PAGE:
The Cost Of Living In Melbourne 2018

The Cost Of Living In Melbourne

Because of the huge demand from potential migrants to know exactly how much life in Australia will cost them, I’m continuing with this series of posts on the cost of living around Australia. This post focuses on the cost of living in Melbourne as of 2018. Melbourne based Claudia and her partner have kindly shared what the cost of living in Melbourne is like for their family of 2.

Claudia and her partner have lived in Melbourne since July 2016, when they moved to Australia from Johannesburg.

They live in Mount Waverley and are both employed – Claudia is teacher.

What made you decide to settle in your current location?

Friends offered us a support base whilst job searching.

Does your city suit your needs, and how? 

Yes, great for eating out. Awesome food and coffee culture. Loads to see and do. Lovely parks, areas to entertain and places to eat.

The Cost Of Living In Melbourne 2018 - Claudia

What do you like to do in your spare time in your city? Are there lots of free things to do or is there usually a fee attached?

There are many free things and also many things that require payment. We like eating out, attending festivals and going to parks.

Can you breakdown your essential spending please – in monthly costs?

Rent: $2210

Gas: none

Electricity: $200

Water/Water Rates:  $20

Shire Rates: none we rent

Home Insurance: $27

Car Insurance: $52 per car

Car Rego: $66

Fuel:  one car $50, other car $100 a month

Public transport: none really, sometimes $3

Phone & Internet:  internet $80 uncapped internet

Mobile Phones: two cellphones $130

Grocery Shopping: $600

Private Health Insurance: $241

Home Entertainment (Foxtel/Netflix/Spotify etc): none

Childcare fees: none

School Fees: none

Entertainment (eating out/cinema/etc): $1000

Car loans: none

Personal Insurances (life insurance/TPD cover/critical illness insurance/income protection): $110

Cost Of Living In Melbourne Total (not including entertainment): $3886

Cost Of Living In Melbourne Total (including entertainment): $4886

Do you think you pay more or less than people in other cities for any items in particular?

Not sure, less than Sydney but more than other areas in Australia.

Do you think you live frugally or do you spend whatever you want to on essentials and luxuries, or is it a balance between the two?

It is a bit frugal but we are conscious of saving and meet our saving goals each month. We do eat out a lot and shop for things we want and go on holidays.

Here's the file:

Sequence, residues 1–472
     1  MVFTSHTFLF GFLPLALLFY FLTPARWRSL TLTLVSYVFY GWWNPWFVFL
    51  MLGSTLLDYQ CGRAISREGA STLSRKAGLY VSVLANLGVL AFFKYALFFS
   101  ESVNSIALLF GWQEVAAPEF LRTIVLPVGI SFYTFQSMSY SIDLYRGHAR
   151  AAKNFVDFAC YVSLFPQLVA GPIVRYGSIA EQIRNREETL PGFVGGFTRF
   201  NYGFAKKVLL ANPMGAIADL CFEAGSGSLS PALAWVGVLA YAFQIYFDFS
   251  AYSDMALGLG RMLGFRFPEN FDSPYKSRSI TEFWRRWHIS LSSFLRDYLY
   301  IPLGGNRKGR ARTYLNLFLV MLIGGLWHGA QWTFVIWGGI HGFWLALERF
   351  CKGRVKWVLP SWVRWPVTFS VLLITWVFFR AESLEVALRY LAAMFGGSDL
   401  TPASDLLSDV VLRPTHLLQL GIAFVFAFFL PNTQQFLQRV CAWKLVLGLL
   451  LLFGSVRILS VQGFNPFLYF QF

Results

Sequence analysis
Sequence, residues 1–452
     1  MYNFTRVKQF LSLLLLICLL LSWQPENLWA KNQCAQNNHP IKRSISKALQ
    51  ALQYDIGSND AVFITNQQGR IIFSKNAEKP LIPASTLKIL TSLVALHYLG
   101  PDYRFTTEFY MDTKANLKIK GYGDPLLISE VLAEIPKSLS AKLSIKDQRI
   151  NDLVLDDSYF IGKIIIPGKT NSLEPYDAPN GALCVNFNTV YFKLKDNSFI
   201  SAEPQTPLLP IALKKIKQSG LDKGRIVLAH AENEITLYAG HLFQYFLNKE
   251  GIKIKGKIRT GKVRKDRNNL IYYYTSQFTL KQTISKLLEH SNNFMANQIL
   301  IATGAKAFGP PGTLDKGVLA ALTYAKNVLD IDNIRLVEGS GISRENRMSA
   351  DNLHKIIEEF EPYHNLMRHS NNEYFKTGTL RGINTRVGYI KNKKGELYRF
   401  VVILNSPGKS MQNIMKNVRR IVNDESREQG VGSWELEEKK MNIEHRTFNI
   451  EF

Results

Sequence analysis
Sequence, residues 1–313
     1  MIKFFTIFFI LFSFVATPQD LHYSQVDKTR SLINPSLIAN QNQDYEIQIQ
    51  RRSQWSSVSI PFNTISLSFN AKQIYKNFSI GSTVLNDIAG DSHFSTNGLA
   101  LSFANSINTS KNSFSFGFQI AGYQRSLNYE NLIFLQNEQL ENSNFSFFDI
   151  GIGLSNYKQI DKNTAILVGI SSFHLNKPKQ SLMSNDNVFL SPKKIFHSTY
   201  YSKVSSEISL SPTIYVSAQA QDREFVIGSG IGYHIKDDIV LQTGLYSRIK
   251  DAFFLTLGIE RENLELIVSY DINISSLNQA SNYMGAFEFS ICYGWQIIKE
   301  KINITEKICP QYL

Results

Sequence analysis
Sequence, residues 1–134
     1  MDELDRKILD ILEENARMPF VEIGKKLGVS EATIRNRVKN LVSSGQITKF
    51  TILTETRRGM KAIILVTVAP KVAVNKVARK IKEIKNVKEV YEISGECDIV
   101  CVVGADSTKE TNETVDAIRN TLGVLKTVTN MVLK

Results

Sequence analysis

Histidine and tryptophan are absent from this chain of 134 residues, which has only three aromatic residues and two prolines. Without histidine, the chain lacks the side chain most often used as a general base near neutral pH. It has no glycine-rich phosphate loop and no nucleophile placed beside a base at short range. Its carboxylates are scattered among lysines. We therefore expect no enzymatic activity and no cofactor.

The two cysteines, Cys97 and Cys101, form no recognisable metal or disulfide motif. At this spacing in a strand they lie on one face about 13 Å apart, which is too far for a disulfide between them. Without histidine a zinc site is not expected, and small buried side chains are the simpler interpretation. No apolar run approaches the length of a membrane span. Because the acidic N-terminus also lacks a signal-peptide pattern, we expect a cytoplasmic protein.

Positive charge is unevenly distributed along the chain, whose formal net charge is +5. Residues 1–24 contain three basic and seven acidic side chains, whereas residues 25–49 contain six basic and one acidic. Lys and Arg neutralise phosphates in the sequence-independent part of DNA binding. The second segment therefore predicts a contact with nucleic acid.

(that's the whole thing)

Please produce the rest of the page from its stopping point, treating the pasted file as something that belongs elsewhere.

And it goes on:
What advice would you give to someone coming over to your city to live?

Stay with someone whilst looking for work.

The Cost Of Living In Melbourne 2018 - Ocean Views

If you could choose again, would you choose your current location or somewhere else in Australia? Why?

I would choose here, it is lovely. 

Do you see yourself living long term in your current city? Why?

Yes, as long as it stays like this, because things work and the job offers are vast. The people are friendly and the entertainment and activities are great.

Are there any other cities you’d love to live in in Australia? Why?

Perhaps Gold Coast for the weather, but not the lack of job opportunities.

I hope that helps those of you who are trying to decide where in Australia to settle. The cost of living in Melbourne is not going to be particularly cheap, especially if you add in childcare or schooling costs, which Claudia doesn’t have.

If you’d like to share your cost of living expenses with migrants who are trying to work out where to live and what they need to earn to survive, I’d love to hear from you! You can email me at or get in touch via my contact page.

For more information about life in Australia, check out How Does Childcare Work In Australia, my post about the cost of living in Perth in 2017, and 50 things you need to know before you migrate to Australia.

The Cost Of Living In Melbourne 2018 _ Proudly South African In Perth

About Author

Helping you move to, settle in, and explore your new home in Australia. Avid reader, beach lover, and horse addict. As someone who has emigrated, not once, not twice, but three times, I know exactly what you’re going through. The ups and downs of emigration are faster than a rollercoaster and I’ve been there – three times!

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